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The global dust storm on Mars is threatening the Opportunity rover and the wind on Venus might be changing the length of its days.

Host: Hank Green

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[ ♪ Intro ].

Back in February, the Opportunity rover celebrated its 5000th Martian day on the planet next door. And that’s a seriously amazing accomplishment, because Oppy was originally scheduled to operate for, like, three months.

In that time, it’s had to weather some pretty significant hardships, too, including a brush with death in 2007. That year, a planet-wide dust storm blocked out 99% of direct sunlight for weeks, which isn’t a great time when you’re powered by solar panels. Now, at this very moment, Oppy is fighting for its life again, thanks to another huge dust storm.

And we’re really hoping it’s going to be okay. Because after almost 15 years, a lot of people — myself included — are pretty attached to this thing. Opportunity landed on Mars in 2004, and it’s currently roving around the western edge of.

Endeavour Crater. Well, it would be roving, if it weren’t for a giant dust storm blotting out the Sun. Continent-sized dust storms happen every Martian year or so, and they’re caused by similar processes to storms on Earth — things like Sun-warmed air rising and picking up dust.

But unlike around here, these storms get so big every few years that Mars’s entire atmosphere turns into one giant light blocker. Opportunity hasn’t seen one of these giant dust storms since back in ‘07, and it’s difficult to know when exactly they’ll happen. But this one wasn’t totally unexpected.

About six months ago, astronomers predicted we’d see something this year as Mars’s orbit took it closer to the Sun and it got a bit warmer — among some other factors. NASA’s Mars Reconnaissance Orbiter first detected this storm on May 30th, and it now covers roughly a quarter of the planet’s surface. When we filmed this video on Tuesday, it wasn’t a planet-wide storm like we saw in 2007.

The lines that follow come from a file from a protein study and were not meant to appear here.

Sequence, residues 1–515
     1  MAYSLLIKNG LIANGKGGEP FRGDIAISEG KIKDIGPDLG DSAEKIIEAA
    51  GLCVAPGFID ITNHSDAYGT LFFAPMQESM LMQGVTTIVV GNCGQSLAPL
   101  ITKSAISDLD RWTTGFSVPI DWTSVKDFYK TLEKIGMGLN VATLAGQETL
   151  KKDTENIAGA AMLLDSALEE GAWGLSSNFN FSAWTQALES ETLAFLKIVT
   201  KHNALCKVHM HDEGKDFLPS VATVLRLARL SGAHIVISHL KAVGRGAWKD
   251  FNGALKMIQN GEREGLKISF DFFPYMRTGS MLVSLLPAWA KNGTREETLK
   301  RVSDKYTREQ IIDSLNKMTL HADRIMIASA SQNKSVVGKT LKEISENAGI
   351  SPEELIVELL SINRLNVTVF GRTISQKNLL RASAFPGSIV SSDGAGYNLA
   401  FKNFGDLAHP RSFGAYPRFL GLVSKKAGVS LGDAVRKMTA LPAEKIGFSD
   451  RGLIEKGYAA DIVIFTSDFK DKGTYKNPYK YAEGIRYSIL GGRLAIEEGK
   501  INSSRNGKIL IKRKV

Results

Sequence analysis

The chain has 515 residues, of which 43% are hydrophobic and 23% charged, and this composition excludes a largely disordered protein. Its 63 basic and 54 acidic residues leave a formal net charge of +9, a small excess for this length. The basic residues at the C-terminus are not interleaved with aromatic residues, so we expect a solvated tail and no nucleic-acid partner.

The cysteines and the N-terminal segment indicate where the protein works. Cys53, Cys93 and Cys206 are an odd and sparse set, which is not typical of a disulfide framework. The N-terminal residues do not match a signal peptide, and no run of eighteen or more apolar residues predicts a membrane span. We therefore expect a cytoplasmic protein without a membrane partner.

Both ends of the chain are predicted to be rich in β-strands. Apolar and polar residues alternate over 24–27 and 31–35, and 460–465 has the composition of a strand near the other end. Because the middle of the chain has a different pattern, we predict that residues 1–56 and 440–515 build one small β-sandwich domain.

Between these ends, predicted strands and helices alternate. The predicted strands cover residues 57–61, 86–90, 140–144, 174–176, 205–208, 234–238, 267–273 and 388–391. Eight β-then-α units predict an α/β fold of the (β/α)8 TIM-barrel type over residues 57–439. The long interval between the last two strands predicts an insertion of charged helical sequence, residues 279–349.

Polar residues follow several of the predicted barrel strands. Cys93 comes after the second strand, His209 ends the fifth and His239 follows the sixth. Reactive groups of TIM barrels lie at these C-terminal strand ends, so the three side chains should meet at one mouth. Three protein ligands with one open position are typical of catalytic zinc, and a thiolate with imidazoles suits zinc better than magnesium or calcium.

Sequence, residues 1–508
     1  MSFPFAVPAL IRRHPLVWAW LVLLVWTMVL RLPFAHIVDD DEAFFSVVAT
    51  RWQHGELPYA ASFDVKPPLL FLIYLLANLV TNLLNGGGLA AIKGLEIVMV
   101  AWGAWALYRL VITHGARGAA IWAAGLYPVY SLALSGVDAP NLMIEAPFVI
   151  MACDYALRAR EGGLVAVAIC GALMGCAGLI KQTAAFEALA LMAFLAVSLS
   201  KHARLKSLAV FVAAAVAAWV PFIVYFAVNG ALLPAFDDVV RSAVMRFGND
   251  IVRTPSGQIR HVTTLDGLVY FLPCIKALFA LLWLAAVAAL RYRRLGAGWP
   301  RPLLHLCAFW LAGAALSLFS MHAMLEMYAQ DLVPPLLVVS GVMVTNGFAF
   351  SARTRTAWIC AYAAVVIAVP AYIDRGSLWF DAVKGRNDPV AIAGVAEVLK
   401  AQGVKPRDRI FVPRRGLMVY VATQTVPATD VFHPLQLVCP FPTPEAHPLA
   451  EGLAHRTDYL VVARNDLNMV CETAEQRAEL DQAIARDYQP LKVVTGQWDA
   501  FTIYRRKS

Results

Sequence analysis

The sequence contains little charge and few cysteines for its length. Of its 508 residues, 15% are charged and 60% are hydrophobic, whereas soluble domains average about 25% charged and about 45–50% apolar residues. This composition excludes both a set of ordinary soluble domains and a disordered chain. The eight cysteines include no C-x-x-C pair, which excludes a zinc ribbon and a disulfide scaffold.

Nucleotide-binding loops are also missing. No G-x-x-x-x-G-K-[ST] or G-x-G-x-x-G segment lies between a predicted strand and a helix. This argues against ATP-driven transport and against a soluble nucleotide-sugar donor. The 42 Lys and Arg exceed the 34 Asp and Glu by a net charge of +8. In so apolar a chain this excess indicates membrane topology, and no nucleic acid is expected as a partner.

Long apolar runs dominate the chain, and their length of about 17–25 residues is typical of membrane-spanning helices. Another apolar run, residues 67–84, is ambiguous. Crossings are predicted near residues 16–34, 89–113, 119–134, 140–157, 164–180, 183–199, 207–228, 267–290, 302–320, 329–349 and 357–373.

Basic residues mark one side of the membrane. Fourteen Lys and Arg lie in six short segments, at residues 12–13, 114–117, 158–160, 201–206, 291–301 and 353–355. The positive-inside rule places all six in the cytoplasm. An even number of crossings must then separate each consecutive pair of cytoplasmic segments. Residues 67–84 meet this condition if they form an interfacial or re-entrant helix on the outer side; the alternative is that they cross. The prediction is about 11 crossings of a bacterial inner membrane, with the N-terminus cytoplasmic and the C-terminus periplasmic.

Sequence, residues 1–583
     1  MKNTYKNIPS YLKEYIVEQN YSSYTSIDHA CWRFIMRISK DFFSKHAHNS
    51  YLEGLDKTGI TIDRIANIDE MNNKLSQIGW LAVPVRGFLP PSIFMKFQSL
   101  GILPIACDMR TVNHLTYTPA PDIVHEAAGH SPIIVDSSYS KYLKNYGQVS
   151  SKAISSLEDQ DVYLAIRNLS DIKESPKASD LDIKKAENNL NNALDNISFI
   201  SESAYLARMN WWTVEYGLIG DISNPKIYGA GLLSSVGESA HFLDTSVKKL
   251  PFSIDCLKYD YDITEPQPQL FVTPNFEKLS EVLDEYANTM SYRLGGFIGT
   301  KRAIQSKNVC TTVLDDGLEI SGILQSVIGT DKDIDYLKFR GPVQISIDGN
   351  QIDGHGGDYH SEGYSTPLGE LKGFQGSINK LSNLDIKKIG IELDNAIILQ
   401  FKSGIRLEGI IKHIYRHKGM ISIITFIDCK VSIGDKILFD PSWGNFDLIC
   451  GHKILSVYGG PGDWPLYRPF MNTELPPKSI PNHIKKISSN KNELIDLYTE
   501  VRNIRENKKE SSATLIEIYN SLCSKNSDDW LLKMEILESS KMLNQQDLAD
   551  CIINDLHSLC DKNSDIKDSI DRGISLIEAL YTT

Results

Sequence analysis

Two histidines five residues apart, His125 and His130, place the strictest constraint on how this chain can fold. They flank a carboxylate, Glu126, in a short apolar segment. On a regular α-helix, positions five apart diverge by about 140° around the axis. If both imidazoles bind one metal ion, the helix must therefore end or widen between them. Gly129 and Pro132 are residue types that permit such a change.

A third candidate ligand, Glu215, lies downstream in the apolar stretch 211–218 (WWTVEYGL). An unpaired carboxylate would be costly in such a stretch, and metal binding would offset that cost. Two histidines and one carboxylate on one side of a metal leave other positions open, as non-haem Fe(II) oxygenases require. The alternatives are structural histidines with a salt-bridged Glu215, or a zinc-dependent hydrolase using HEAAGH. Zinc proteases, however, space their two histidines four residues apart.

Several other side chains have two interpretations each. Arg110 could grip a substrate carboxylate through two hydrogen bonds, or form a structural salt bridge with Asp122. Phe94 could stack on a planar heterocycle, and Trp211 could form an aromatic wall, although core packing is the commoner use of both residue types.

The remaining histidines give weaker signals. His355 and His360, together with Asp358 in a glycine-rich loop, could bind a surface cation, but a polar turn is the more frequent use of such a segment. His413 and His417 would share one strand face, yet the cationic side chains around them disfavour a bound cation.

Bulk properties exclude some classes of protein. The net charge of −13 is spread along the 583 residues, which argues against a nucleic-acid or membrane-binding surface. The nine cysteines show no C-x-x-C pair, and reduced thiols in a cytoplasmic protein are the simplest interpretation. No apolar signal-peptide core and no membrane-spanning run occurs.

But from Oppy’s perspective, it’s a lot worse in terms of the amount of light being blocked out. In fact, this is the most opaque dust storm we’ve ever observed. And that’s not good news for the rover’s solar panels or its power levels.

On June 12th, NASA engineers attempted to communicate with Oppy, but did not hear back. This likely means the rover’s batteries are getting low and that it’s entered what’s called “low power fault mode”, where basically all subsystems are shut off except the master clock. The rover’s computer can occasionally wake up to check its power levels, but we won’t hear anything from it again until its batteries are full enough to exit that mode.

If it ever does. With so many systems shut down, the rover can’t keep itself warm, either. So if Opportunity goes without sufficient power for too long, it’ll basically freeze to death.

So, we’ll just wait to hear back from it… in silence… any day, now... Luckily, Endeavour Crater is warming up as the Southern Hemisphere heads into its summer season. And the dust storm is helping to keep the area warmer than it would otherwise be.

Current estimates suggest that Opportunity will survive the ordeal, but we don’t know exactly how long this storm’s going to last. Because there’s so little water in Mars’s thin atmosphere, dust can float around for months. So it will definitely be a while before Oppy’s solar panels will can get things fully operational.